- International Computing Education Research conference (ICER)
- SIGCSE Technical Symposium on Computer Science Education (SIGCSE) (yes, the organising entity is called SIGCSE and the conference is also referred to as SIGCSE)
- Conference on Innovation and Technology in Computer Science Education (ITiCSE)
- Koli Calling International Conference on Computing Education Research (Koli Calling)
- Transactions on Computing Education Journal (TOCE)
- Taylor & Francis Computer Science Education Journal (CSE)
Articles within these venues should be available for free if you’re on campus or on the campus VPN. Alternatively, for many articles you can access them through the Cal Poly Library website.
- You can communicate with me and your classmates using the Slack channel I have set up for this course.
- Although there are assigned reading reflection discussion items in Canvas, but you should feel free to raise other interesting papers or topics of discussion in Slack.
- You are also encouraged to seek feedback about project ideas in Slack—that way you can get feedback from me + 20 other smart and motivated people!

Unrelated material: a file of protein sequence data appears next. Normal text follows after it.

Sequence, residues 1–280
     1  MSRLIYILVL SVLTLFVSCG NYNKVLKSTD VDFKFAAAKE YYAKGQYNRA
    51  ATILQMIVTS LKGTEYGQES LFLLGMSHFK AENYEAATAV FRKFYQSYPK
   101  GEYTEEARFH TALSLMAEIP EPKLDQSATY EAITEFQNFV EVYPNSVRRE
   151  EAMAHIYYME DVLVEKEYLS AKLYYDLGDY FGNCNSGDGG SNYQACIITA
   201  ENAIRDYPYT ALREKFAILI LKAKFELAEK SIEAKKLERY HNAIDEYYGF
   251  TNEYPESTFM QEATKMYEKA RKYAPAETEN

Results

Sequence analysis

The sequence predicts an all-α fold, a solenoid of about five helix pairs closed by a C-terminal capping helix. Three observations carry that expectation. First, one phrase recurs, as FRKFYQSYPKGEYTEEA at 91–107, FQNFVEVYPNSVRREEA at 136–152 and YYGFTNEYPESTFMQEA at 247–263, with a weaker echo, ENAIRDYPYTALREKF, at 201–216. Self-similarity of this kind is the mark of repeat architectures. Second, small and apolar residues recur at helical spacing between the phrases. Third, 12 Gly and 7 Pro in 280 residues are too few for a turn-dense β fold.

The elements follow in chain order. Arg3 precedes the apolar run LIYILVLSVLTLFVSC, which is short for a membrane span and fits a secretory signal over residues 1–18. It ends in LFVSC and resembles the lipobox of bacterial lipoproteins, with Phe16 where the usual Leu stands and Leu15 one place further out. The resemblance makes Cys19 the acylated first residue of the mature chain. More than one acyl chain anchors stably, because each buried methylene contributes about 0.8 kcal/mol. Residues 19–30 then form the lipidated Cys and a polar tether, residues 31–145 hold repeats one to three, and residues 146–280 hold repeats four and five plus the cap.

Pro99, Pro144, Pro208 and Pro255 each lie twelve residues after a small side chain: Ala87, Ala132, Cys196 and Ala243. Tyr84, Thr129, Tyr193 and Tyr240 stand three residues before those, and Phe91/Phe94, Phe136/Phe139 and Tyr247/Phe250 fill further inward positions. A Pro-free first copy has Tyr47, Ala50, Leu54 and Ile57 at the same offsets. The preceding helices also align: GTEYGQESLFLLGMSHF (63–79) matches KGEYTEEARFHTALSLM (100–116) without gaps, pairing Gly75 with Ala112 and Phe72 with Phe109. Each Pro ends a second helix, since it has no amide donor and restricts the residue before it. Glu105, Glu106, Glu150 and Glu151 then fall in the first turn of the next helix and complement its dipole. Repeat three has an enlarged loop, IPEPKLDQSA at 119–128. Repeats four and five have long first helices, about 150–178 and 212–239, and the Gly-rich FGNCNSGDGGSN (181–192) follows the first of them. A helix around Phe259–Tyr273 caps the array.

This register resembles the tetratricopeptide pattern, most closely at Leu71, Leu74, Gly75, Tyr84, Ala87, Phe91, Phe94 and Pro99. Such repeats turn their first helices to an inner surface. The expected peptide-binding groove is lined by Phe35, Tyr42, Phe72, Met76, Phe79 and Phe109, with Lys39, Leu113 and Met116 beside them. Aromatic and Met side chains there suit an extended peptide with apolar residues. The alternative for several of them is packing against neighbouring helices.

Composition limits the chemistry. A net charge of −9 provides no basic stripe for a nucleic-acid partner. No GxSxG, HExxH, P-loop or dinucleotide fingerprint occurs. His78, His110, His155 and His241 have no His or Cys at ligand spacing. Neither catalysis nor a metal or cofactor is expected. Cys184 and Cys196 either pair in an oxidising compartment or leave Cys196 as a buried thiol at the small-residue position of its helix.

Accessibility and inclusivity
I know that everyone is unique, and I may have unintentionally overlooked something that limits access to some materials or activities. Please let me know if you cannot access any content. If you need additional accommodations to complete the required course work, please contact me as soon as possible! You should also contact the Disability Resource Center. Here is a link to the Cal Poly Accessibility Policy and the Accessibility within Canvas statement.
SensusAccess is a self-service, alternate media solution made available by Kennedy Library to automatically convert files into a range of alternative media including audiobooks (MP3 and DAISY), e-books (EPUB, EPUB3, and Mobi) and digital Braille. The service can also be used to convert inaccessible files such as image-only PDF files, JPG pictures, and Microsoft PowerPoint presentations into more accessible and less tricky formats. This service is available at no charge.
We expect every member of this class to contribute to an inclusive and respectful culture. Students in this class are encouraged to speak up and participate in different forms. I recognise that our individual differences can deepen our understanding of one another and the world around us, rather than divide us.